I Like Ike: The First Political TV Ad
You like Ike. I like Ike. Who doesn’t love this campaign?
It ranks as among the most memorable political marketing of the 20th century. Not only is it one of the great entries in campaign advertising, it’s great advertising, period. I Like Ike is catchy. It’s succinct. It’s memorable.
Before ‘viral’ was a form of marketing in and of itself, I Like Ike had voters tapping their toes and humming along all the way to the ballot box.
Dwight Eisenhower, playfully nicknamed “Ike”, lead the Allied forces to victory at the end of the second world war. He was subsequently promoted to Chief of Staff of the United States Army and named Supreme Commander of NATO. Not surprisingly, this made him enormously popular. He was a war hero with a friendly face.
Unlike our current crop of politicians, many of whom are born and bred to run for Congress or Senate, Ike Eisenhower bore no intentions of becoming president. He rejected all requests for him to enter the political realm for years.
Ike didn’t like politics. He was a soldier, and a leader, but not a politician. In fact, before his own election, he had never even voted.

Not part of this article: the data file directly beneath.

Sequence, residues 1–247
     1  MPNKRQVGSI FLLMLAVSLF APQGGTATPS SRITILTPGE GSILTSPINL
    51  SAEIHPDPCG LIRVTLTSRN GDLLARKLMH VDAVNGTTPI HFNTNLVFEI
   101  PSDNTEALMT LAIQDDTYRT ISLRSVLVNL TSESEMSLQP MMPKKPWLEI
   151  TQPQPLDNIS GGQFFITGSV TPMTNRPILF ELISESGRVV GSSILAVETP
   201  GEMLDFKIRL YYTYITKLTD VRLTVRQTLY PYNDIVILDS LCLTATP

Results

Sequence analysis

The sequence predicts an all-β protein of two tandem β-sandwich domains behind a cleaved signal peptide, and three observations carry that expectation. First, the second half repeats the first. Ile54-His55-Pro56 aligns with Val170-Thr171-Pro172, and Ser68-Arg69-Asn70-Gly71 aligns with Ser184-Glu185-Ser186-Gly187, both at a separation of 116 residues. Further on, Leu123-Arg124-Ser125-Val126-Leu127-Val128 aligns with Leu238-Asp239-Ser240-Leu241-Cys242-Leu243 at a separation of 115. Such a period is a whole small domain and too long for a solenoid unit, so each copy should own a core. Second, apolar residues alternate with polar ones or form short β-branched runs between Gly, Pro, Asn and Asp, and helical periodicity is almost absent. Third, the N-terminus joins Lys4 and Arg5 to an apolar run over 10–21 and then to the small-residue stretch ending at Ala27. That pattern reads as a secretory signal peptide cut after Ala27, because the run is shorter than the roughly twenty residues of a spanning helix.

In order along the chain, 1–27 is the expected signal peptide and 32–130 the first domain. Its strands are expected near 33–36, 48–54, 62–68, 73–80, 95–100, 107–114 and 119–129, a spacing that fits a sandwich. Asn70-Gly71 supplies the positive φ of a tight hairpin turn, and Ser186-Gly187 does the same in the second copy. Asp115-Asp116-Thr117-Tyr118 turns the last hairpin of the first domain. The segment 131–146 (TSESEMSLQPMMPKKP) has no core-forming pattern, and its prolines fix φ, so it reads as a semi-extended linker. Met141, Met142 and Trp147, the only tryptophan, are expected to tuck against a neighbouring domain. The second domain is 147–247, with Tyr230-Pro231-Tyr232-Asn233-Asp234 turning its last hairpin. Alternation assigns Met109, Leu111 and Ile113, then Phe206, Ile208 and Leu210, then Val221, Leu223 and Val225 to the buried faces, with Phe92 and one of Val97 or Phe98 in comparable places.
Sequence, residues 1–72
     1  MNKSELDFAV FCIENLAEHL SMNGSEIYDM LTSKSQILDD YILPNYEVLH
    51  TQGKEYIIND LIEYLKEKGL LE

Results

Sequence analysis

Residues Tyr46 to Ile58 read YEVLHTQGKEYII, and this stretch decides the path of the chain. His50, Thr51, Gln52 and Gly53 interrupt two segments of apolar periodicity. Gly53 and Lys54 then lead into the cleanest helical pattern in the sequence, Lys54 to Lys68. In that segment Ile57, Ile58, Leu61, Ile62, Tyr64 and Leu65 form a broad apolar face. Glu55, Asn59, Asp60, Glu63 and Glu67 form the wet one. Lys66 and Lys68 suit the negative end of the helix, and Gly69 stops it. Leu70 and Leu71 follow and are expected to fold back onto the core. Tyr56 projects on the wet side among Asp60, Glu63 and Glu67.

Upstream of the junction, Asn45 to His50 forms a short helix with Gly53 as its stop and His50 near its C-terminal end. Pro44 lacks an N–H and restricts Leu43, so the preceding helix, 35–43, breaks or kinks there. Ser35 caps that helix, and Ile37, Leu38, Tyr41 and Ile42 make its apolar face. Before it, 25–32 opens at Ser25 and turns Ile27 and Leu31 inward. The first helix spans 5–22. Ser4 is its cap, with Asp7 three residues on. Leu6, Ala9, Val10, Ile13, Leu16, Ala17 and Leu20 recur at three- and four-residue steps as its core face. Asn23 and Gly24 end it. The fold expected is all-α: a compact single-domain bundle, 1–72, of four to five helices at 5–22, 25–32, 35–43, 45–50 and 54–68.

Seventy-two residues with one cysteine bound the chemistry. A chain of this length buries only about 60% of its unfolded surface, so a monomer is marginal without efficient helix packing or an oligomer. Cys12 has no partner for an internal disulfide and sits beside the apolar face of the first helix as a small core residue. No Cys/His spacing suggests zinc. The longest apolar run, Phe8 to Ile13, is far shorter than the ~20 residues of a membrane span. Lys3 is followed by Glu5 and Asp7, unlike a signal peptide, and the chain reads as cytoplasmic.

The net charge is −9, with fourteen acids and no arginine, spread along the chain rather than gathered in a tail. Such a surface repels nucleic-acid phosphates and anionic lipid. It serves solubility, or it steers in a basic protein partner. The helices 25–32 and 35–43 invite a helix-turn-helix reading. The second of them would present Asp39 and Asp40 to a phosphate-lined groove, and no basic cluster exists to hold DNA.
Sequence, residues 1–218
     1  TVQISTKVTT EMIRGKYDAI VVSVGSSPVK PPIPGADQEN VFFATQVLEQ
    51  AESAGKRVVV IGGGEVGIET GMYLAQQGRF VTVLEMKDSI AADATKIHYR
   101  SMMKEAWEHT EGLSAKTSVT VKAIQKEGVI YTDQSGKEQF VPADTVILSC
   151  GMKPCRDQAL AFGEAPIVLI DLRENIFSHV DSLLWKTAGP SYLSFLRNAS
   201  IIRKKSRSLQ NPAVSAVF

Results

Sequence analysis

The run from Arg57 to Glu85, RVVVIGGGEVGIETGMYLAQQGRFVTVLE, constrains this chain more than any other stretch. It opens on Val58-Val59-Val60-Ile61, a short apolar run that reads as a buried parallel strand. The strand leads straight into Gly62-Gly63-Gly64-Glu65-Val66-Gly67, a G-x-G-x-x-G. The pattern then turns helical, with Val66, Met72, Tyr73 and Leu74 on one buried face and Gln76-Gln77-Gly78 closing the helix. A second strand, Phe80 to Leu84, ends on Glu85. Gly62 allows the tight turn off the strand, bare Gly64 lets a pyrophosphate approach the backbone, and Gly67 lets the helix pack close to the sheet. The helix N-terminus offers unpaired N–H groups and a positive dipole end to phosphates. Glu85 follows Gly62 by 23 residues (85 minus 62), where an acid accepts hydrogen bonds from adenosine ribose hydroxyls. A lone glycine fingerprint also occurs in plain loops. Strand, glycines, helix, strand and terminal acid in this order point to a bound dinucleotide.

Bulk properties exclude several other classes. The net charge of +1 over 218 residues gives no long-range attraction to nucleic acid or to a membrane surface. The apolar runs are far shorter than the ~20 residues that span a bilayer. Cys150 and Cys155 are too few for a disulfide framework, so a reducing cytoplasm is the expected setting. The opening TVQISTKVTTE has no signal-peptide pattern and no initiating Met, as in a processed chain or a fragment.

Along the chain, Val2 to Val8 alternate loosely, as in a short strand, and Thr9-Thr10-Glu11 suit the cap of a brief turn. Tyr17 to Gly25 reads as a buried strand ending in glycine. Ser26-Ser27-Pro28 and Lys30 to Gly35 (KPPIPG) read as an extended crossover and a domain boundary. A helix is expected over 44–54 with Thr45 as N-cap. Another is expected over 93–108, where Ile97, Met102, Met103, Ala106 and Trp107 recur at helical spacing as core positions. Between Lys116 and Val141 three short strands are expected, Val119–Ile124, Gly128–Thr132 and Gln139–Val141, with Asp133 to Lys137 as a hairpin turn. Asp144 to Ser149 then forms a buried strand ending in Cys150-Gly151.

But that didn’t matter in 1952. Slow progress in the Korean War had made President Harry Truman unpopular, with a 66% disapproval rating. Democrats were desperate to fix their brand, and Republicans eager to overtake them. Recognizing that Americans had an affinity for the General, sectors of both parties set out to ‘draft’ Ike to their side.
Peter G. Peterson, the Republican who would later be Secretary of Commerce under Richard Nixon, snatched “I Like Ike” from the mouths of voters and built it into an marketing push. It caught on. Over a hundred thousand voters wrote-in Ike’s name for the Republican New Hampshire primary, despite him not having announced for either party.
The unprecedented show of support pushed him to formally enter the race.
With the support of the Republican Party, “I Like Ike” reached new heights in the general election. Famed songwriter Irving Berlin turned it into a song. Walt Disney Studios produced a cartoon to go along with it, which became the first political campaign ads aired on television.
The rest is history. Ike Eisenhower won with 55% of the popular vote. He topped himself in 1956, winning re-election with 58%.